Friday, March 04, 2011

FILM REVIEW: The Adjustment Bureau

This romantic sci-fi thriller is about a politician (Matt Damon) whose destiny gets off track when he falls in love with a ballerina (Emily Blunt). The Fates, here represented by suit-clad men (John Slattery from "Mad Men" and Anthony Mackie from The Hurt Locker) with dashing fedoras who can teleport through specific doors, have a book that shows what the politician and the ballerina are destined for--one to become the president of the United States and the other to become a legend in the world of dance. If they continue their affair, if they defy the Fates, their futures will never happen and the ripple effect could send the world into chaos.

The film poses many philosophical questions: What are you willing to do for love? Is there only one path to happiness? Is our life predetermined or do we truly have free will? But the two most interesting questions it asks are: If the only way to get what you want is to sacrifice something or someone you believe you can't live without, would you still do it? and Have we always had free will?
The second question is inspired by The Fates's mini-history lesson about the generations of which we've had control over our own fate versus the generations they've had control. Supposedly they were the masterminds who designed our paths during periods of creation and innovation, like The Renaissance, but we were the misguided fools who spearheaded periods of destruction and regression, like The Dark Ages. I think it's interesting that given that this film takes place in present day, they claim that this is a successful period, considering all of the natural disasters, ever-increasing amount of wars, and rampant poverty. It hardly compares to the Renaissance. But it makes an interesting point. What sparks a period like The Renaissance?
The first question has bounced around my head before. Sometimes I wonder, having been raised Roman Catholic, if the only way for a good thing to happen is for a bad thing to happen first. Did my high school friend Suni have to suffer the loss of both her parents just so she can find true love? Did my mom have to get in a car accident just so she can be freed of her burdensome job? Will I have to suffer some great trauma, whether it's the loss of my parents or a bout of unemployment, just so that I can fall in love or get my dream job? And, most importantly, am I willing to forfeit what I have for what I could have? It's like that classic "Price is Right" question. Will you settle for this brand new car or do you want to take a gamble on what's behind door number 2?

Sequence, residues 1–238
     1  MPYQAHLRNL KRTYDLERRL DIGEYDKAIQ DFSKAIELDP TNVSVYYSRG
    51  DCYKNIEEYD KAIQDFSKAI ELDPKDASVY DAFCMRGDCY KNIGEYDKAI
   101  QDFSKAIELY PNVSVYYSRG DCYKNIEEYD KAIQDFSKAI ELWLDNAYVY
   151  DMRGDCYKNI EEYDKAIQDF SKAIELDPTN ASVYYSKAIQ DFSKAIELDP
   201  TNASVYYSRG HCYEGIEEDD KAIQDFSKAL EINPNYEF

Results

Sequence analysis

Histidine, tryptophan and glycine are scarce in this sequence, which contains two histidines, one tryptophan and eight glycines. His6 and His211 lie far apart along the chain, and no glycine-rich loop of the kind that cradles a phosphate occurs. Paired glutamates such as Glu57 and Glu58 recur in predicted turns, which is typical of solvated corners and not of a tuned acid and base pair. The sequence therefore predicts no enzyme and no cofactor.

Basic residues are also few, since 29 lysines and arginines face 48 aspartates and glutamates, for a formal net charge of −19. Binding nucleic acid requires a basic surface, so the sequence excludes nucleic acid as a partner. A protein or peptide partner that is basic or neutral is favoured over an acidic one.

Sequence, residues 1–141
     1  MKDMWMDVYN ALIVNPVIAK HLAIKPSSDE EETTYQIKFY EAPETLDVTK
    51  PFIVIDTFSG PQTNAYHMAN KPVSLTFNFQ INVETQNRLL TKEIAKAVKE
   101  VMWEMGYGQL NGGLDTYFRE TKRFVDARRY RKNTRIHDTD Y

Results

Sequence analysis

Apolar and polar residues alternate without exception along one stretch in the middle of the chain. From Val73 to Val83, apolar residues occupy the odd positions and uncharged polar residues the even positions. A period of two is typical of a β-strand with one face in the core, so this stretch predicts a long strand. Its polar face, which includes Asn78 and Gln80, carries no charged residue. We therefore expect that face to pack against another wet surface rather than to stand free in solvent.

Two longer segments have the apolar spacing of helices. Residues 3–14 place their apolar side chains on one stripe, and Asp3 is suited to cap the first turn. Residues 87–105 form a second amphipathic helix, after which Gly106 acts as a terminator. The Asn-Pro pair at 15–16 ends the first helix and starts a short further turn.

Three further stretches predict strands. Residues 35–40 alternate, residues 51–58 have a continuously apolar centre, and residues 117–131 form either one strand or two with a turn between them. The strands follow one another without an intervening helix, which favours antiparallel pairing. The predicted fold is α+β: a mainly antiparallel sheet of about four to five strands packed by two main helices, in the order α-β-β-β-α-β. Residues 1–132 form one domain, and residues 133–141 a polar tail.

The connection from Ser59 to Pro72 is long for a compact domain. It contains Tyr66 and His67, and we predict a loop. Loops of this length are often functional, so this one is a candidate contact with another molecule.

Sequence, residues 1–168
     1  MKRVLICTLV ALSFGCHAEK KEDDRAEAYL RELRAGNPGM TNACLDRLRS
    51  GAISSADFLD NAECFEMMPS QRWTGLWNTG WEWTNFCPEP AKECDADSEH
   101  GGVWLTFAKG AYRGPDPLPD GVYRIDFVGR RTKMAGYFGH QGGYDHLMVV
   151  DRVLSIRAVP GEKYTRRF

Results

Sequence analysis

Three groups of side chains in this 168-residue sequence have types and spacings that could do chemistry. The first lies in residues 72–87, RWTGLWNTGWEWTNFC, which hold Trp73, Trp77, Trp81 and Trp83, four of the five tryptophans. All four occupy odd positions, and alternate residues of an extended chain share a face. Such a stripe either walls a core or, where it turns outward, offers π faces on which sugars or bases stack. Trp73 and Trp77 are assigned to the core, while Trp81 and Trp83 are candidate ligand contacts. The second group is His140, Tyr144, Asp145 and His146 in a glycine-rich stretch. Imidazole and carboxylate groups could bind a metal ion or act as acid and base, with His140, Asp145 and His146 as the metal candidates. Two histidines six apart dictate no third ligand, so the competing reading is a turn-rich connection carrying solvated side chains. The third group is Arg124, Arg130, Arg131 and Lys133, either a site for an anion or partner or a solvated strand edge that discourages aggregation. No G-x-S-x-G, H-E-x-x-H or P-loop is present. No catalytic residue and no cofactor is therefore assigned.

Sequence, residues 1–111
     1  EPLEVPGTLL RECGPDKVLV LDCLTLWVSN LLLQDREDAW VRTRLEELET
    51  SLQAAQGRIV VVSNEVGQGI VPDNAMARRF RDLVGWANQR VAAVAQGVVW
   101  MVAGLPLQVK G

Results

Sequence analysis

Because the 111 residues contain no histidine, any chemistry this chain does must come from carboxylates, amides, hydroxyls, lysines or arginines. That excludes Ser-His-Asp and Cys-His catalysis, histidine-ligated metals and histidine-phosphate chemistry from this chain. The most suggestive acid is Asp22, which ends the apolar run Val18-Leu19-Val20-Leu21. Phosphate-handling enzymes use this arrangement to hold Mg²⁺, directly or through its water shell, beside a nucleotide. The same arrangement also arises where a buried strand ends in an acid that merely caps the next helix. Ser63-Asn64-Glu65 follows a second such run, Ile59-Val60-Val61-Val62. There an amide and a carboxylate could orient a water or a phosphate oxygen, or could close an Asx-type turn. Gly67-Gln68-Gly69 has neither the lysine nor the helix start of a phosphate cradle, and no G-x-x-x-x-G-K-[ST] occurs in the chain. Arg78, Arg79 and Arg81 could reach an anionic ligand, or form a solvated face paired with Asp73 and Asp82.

This film is, however, a romance. It propels the idea that love is the only thing you should aspire to, and the only reason we exist. And that maybe, just maybe, the Fates can be wrong if they dare to suggest that professional success is far more important than true love. There have been many other romantic stories that have been told in unique ways (i.e. The Eternal Sunshine of a Spotless Mind) that suggest that no matter the foreseeable tragic outcome of a relationship, one must pursue it nonetheless, because the answer to the question: Is it better to have loved and lost than to have never loved at all? is Yes.
Despite the heavy philosophical questions and intense chase scenes, there are several light and funny moments during their courting, like in the scene where she says goodbye by playfully flipping him the bird. Blunt was more charismatic and enchanting in this film than she's ever been before, and she got to showcase some more of her impeccable comic timing. She also had great chemistry with Damon. His devotion to her wasn't at all unfounded or seemingly random as some romantic stories can be. The fact that he clicked on 757,000 links to find her alone was proof enough. He falls for her because she kept him on his toes and didn't pander to him like his constituents did. She ultimately inspires him to be a better politician--if such a thing exists. They complimented each other well.

While I truly enjoyed the love story, I was surprised that it didn't have more sci-fi lore and action. Instead it was like a rom-com that mutated into a sci-fi thriller, as if someone at the studio said, "What if two people keep crossing paths and fate keeps them apart..." and then someone else added "...and Fate wears fedoras, works for God, and uses magic doorknobs to catch up to them." Regardless, it makes for a good conversation starter.

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